The Megacities Carbon Project is developing, testing, and improving robust methods for assessing carbon emissions and monitoring the atmospheric trends of carbon attributed to the world’s largest cities.
Cities Produce 70% of All Fossil-Fuel CO2 Emissions
A 10-km-resolution map indicates the distribution and intensity of fossil fuel CO2 emission sources. The regions with greatest emission intensity are indicated by red and black (urbanized areas and associated large power plants). The black circles indicate a vision for future surface measurement networks concentrated within the 23 existing megacities. Blue circles indicate the 14 additional megacities projected to exist by 2025. The dashed rectangles indicate the fields of regard of three remote-sensing instruments that if hosted on geostationary satellites would offer sustained, wall-to-wall mapping of nearly every emission source. The satellite and surface network data, integrated with improved high-resolution emission estimates would provide a robust system for assessing and informing policies. Map: (EDGAR version 4.0) 2009.
Megacities observing system for Los Angeles
In-situ sensors located around the LA basin provide continuous, high accuracy measurements of greenhouse gas (GHG) mixing ratios of CO2, CH4, and CO. A remote-sensing instrument on Mt. Wilson provides multiple scans per day of the basin to measure slant-column mixing ratios. Another remote-sensing instrument at Caltech provides continuous daytime measurements of column mixing ratios. Aircraft and mobile laboratories provide infrequent but intensive measurements of mixing ratios. Satellites are beginning to provide remote-sensing measurements of LA. Other instruments (not shown) measure winds and boundary layer height.
Monitoring Urban Greenhouse Gas Emissions from Space
From right to left: NASA's Orbiting Carbon Observatory-2 (OCO-2) satellite provides nearly global coverage that periodically samples the CO2 over a subset of cities. The Japanese Space Agency's GOSAT satellite makes observations for a subset of cities with coarser resolution than OCO-2. NASA's OCO-3 payload on the International Space Station (status TBD) includes a "city-mode" that would have the ability to map most of the world's cities and power plants on a regular basis. Finally, the next generation of remote-sensing instruments, if deployed on 3 satellites in geostationary orbits would provide near-continuous, complete mapping of nearly every urban area on earth.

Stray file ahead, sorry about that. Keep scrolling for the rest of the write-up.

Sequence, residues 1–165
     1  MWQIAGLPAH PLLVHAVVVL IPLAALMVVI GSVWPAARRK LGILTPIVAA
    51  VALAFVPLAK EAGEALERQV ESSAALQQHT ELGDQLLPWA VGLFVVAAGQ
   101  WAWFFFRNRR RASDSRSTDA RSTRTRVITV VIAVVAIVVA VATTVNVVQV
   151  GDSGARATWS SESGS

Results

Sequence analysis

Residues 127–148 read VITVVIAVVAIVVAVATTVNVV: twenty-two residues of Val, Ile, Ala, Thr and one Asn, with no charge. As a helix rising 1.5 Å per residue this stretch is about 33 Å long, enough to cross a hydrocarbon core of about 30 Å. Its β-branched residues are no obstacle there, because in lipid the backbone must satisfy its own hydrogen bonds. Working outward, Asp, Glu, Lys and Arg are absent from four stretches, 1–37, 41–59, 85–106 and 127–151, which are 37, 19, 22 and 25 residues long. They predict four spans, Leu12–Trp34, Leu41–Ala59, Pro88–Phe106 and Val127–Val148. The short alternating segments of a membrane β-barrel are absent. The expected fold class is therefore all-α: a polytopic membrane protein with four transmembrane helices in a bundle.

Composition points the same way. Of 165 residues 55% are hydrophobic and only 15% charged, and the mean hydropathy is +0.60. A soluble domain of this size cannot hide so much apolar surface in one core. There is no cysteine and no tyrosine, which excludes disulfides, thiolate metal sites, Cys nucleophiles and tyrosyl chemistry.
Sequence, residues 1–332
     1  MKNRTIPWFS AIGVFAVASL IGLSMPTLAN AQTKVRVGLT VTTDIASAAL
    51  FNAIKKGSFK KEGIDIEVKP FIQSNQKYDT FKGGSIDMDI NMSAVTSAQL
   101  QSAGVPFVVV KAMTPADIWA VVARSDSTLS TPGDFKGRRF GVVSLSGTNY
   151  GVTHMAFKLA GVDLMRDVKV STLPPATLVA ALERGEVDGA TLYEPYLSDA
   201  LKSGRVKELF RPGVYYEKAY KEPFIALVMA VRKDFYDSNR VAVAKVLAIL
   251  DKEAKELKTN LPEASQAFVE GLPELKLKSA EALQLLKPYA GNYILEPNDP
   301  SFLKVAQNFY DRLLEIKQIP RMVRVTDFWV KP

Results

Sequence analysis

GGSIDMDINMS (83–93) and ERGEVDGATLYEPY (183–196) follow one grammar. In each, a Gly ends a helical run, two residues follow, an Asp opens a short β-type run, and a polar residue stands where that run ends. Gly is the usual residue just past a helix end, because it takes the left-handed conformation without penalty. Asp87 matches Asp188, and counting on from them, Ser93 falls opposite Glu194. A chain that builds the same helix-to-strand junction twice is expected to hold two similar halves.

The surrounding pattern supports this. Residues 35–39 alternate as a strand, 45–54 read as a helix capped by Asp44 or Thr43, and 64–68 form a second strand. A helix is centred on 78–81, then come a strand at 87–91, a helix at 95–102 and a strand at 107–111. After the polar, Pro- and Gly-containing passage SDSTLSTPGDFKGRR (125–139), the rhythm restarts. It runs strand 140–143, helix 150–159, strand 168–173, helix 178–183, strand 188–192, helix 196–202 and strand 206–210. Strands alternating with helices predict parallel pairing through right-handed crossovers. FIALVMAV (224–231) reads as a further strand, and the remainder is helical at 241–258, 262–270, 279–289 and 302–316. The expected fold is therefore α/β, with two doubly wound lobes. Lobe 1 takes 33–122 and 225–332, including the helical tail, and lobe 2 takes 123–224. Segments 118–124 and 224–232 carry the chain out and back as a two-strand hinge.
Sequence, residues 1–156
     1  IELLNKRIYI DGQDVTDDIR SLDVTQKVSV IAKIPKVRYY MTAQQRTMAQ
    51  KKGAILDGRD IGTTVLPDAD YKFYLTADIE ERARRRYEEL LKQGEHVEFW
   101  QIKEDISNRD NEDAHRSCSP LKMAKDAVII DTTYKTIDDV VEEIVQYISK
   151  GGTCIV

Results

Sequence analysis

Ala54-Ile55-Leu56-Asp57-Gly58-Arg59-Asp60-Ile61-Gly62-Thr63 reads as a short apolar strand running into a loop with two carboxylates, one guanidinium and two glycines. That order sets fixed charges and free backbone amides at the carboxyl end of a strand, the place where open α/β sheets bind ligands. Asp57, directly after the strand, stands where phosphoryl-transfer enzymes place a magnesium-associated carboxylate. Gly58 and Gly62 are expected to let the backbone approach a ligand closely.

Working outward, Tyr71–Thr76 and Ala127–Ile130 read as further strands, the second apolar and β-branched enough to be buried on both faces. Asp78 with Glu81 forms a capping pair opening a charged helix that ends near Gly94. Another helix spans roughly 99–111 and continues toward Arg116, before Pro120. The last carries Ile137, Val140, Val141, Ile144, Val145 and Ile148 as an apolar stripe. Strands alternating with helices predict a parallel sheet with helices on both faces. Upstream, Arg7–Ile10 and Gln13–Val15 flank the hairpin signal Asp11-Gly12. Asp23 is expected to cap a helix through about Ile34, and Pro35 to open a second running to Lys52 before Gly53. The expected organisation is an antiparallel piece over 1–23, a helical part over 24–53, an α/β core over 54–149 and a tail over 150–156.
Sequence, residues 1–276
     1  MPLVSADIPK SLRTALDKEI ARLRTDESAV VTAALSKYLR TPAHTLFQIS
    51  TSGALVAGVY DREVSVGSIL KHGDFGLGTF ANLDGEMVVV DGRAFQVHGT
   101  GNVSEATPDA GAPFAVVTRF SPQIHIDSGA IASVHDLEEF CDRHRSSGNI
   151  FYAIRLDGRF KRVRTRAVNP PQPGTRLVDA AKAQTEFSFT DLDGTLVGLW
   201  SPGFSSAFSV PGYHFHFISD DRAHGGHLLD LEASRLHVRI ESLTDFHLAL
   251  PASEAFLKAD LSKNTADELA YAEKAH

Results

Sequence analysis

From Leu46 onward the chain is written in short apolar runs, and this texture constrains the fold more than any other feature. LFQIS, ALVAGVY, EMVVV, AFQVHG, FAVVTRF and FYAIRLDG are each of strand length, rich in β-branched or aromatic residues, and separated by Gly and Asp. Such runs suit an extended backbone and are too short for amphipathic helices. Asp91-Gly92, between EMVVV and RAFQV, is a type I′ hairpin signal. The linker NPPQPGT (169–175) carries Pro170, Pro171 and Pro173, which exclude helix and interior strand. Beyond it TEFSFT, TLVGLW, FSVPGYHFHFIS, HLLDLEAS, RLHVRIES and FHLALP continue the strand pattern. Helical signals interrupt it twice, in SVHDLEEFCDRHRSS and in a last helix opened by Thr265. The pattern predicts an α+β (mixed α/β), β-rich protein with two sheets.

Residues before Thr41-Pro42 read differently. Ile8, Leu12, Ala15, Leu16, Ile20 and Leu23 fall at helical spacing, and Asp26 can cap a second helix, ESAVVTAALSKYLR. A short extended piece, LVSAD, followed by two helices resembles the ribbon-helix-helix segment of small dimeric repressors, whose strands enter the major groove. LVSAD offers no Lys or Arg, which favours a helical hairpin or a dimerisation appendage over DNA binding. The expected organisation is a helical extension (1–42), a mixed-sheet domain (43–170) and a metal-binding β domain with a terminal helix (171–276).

Los Angeles Basin Onroad CO2 Emissions
Preliminary estimate of annual on-road CO2 emissions for 2010 for the five counties of the LA megacity. The lower left figure is a zoomed-in view of southern LA county ( local neighborhood roads are not shown). This is based on annual average weekly traffic data from Southern California Association of Governments (SCAG) and modeled annual CO2 emissions for different road types from US Environmental Protection Agency’s (EPA) National Mobile Inventory Model (NMIM). The annual county-specific CO2 emissions are allocated to each road segment based on its type and annual vehicle miles travelled (VMT). VMT is the number of vehicles on a particular road segment multiplied by the road length.
Tracking the Carbon Emissions of Megacities
This animation shows a global map of fossil-fuel CO2 emissions for the year 2010 derived from satellite imagery of night-lights and other data (courtesy Tom Oda - CSU/NOAA in collaboration with NIES). A global urban carbon monitoring system would combine surface measurement networks in the world's largest cities (highlighted here) and satellite observations of nearly all urban areas. The surface grid squares illustrate the surface footprint of future geostationary satellites that could be focused on the 2-3% of land surface area producing the majority of emissions. Animation courtesy: NASA's Goddard Space Flight Center, Conceptual Image Lab.
Satellites Observe CO2 from Los Angeles
The following animation illustrates the collection of Orbiting Carbon Observatory (OCO-2) "target mode" data over Caltech in Pasadena. Caltech is one of 19 sites around the world that track the sun to collect up-looking measurements of CO2 to validate OCO-2 remote sensing measurements and link them to international standards of CO2. During a Target Mode pass, the spacecraft points towards Caltech from far away, and with a small sweeping motion, stays focused on the target (Caltech) as the spacecraft moves overhead and past the target over a period of about 15 minutes. The animation shows that a large portion of the LA basin is sampled - with the most dense, overlapping sets of data collected around Caltech.